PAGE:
Mad Max: Fury Road: is a crazy, relentless action movie blockbuster about a post-apocalyptic world decimated by atomic war, drought, and lawlessness. Plus, it’s a reboot of an ’80s cult classic action series. Despite all of that, it was not only nominated for Best Picture, but considered by many to be a front-runner to actually win the award. On awards day, it cleaned house in a lot of the smaller, secondary awards categories such as Film Editing, Costume Design, Set Design, etc. But the truly amazing thing about this movie was just how complete it was. The artistic touch and authenticity under George Miller’s directorship were phenomenal. Many scenes were sped up slightly to create a visual representation of the stress and adrenaline-fueled action sequences. The make-up and costumes made the world feel dirty and hellish; characters are disfigured by radiation and a horrible, unforgiving landscape. And the society, if you can even call it that, is brutal and barbaric. The result was an almost overwhelming and psychotic world view that the audiences felt a part of. Mad Max also looked REAL — from the costumes and makeup to the series of actual explosions, the film presented a nice relief from the standard summer blockbusters that rely so heavily on CGI landscapes and characters. This seemed to learn from Peter Jackson’s ridiculous Hobbit trilogy (ugh I can’t believe it’s a trilogy): orc makeup in LOTR = awesome; CGI orcs in Hobbit = stupid.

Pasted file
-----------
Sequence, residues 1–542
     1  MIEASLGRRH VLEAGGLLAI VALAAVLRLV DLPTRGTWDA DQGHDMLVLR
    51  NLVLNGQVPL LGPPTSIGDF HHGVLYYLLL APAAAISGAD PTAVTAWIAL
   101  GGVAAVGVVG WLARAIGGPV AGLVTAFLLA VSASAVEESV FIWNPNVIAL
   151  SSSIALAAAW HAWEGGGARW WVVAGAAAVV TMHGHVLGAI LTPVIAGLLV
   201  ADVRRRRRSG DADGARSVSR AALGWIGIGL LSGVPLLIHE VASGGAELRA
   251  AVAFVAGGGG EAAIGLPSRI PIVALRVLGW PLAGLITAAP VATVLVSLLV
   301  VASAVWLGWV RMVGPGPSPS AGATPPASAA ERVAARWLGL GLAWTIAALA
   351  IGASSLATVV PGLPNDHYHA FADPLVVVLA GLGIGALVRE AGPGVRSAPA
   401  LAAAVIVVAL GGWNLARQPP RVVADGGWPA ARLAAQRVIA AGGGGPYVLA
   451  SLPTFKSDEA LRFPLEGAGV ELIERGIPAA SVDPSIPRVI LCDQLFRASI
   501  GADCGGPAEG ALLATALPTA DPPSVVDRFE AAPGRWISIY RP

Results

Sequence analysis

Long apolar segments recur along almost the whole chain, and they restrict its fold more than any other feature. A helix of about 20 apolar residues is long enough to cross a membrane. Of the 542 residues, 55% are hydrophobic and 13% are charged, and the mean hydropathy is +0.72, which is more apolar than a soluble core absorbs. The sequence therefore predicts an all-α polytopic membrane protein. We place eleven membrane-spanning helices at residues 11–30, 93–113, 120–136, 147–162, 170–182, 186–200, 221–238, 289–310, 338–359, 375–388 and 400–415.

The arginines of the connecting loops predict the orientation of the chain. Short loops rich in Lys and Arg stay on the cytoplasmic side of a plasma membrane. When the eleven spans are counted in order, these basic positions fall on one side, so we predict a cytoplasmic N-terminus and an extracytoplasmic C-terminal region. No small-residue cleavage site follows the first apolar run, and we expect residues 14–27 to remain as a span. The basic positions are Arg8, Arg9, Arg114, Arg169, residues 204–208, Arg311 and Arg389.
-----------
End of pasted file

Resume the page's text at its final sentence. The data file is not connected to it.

Another impressive thing about Mad Max: Fury Road is that it could have easily been another cheap ’80s action movie reboot. The original starred a pre-crazy Mel Gibson and the special effects were a lot cheesier. Most of these reboots focus on improving special effects and replacing characters with CGI monstrosities, but Mad Max instead focused on creating a truly good film instead of following the failed formula of Terminator, Robocop, and Total Recall. It is the rare summer blockbuster that impresses the Academy’s voters, and Mad Max sure did impress. Rumors were even floating around that it had a chance to take Best Picture. It retained all of the weirdness and artistry of an Oscar film, while showcasing enough violence and explosions to earn the money of a summer action flick.
Though Mad Max is such a coherent film experience, it does have one weakness that affects its rewatch-ability. Much like the classic interview question, its weakness and its strengths are kind of intertwined. The lack of exposition, the relentless action sequences, and sparse dialogue, especially between main characters, adds a touch of realism to the world Miller created. However, it also gives the audience less time to really get to know the characters and see them develop. The result is that the movie is highly enjoyable, but it’s less engrossing and personal because we lack those connections to developed characters. Charlize Theron, Tom Hardy, and Nicholas Hoult are certainly compelling, but I didn’t feel like I really knew anyone’s motivations. This is no fault of the movie, but more of a style choice. All in all, this is definitely a unique action film and is tremendously well-made and a lot of that credit goes to Miller’s direction. Go see it. Blorg! Pick: Best Director
For more Blorgin’ on the Oscars, click here!